"That said, that's NOTHING compared to dealing with Japanese multinationals. For a country that supposedly at the leading edge of tech this particular one wanted our entire web product offering rewritten to support IE5. No, not 6. 5. We declined their business."
What you should have done is offered to do exactly what they wanted. At a suitable premium over the full cost of doing the work since it would be a total one-off. If they were that desperate then Ker-ching!
I'm really hoping Ichan doesn't get the company, my monitors need replacing and I want some Dell Ultrasharps!
Because we give smartphones to 8 year olds that have no real concept that it's a delicate and valuable toy!
If Ichan was to get control, at least Mike would be able to buy it back for about £2.50 after Ichan fucks it up!
Re: TN Screen? That's not at all premium..
It's all Ying and Yang. Yes, you might be able to get an IPS screen on a bargain basement tablet, but it's going to be a cheap nasty one. Likewise Sony have probably made the decision to go for a high quality TN screen. Is it ideal, no, but then again, an iPad has inferior hardware in other places.
Likewise, there's a tradeoff between the battery capacity and the weight. It seems though like they have balanced it reasonably well, although I would prefer better life and slightly more weight.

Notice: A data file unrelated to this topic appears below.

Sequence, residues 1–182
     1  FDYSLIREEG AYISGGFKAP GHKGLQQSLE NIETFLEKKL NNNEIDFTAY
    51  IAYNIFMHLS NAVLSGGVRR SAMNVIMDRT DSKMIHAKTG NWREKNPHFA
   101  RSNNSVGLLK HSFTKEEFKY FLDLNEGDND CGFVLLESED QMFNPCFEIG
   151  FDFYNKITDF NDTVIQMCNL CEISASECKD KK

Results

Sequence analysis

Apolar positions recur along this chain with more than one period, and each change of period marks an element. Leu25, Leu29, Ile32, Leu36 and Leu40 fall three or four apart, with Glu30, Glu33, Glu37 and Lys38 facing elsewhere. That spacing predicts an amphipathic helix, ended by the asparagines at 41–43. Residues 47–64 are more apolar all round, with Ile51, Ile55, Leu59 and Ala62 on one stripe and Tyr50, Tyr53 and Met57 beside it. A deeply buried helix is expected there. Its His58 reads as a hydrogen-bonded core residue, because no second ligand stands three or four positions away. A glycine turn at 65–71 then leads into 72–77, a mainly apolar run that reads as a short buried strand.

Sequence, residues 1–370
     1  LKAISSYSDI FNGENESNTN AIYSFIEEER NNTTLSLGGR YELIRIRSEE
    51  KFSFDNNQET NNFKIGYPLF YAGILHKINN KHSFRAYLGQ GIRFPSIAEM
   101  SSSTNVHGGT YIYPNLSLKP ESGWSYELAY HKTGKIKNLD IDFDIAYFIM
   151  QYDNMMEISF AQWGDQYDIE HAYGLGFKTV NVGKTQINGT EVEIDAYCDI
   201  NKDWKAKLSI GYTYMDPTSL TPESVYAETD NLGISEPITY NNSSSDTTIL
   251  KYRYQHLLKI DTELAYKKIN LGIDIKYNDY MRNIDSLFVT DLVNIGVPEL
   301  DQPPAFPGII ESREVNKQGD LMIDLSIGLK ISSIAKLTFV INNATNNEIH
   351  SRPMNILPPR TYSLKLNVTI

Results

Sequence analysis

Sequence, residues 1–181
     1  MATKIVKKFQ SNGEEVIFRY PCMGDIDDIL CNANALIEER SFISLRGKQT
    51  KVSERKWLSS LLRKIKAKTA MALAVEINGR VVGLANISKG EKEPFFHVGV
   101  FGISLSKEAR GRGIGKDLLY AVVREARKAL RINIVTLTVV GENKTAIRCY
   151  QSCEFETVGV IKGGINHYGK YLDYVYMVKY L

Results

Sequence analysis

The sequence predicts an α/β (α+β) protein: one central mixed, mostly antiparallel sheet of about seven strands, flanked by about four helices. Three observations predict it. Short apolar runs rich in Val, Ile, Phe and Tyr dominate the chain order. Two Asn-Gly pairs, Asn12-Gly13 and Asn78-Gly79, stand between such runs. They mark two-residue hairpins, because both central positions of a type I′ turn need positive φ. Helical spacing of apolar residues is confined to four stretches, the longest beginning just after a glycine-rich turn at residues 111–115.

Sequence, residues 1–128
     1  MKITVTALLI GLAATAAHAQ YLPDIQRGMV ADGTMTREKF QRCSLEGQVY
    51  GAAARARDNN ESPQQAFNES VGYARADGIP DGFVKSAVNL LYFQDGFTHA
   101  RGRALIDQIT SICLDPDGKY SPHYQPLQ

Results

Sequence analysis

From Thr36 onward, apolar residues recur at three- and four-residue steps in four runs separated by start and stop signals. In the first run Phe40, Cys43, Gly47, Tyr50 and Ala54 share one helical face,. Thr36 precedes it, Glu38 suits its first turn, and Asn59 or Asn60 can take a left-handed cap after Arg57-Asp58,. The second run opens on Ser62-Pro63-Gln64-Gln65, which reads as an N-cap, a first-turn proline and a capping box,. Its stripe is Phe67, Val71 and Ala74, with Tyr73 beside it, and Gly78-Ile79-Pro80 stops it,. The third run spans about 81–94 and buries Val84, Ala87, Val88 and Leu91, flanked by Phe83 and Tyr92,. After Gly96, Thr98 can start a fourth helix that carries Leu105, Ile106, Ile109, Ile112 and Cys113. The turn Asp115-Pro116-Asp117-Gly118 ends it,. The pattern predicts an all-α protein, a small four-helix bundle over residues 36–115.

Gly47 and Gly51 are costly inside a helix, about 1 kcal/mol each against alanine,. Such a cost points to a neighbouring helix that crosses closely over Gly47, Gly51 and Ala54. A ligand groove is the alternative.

Sony are doing there damndest to make me like them at the moment... And it's working
3KW is weak
I think they need to add a zero onto that. A 3KW system doesn't give you a lot of room given that you can build a quad-gpu desktop that uses 1200W. If you want to see what you can really do with HPC clusters, I reckon you want more like 30KW?
As a TV show once said "You take someone who wants something for nothing, and give them nothing for something." This doesn't look much different.
As for internships, mine paid me £50k, so I'm not going to knock them
This is why I laugh when I see people moaning about laptops and projectors coming with VGA ports. It's quick, simple, ubiquotous, and it just works. You can take any VGA enabled computer and plug it into any VGA enabled display device.
Brings back memories
I was at LB when it crashed on my university industrial placement working in Windows Server and Exchange Admin. The week before it all went tits up I was working on upgrading exchange to 2007. Still, it was one of the most interesting events in my career to date, a big learning experience and a source of experience I still use today.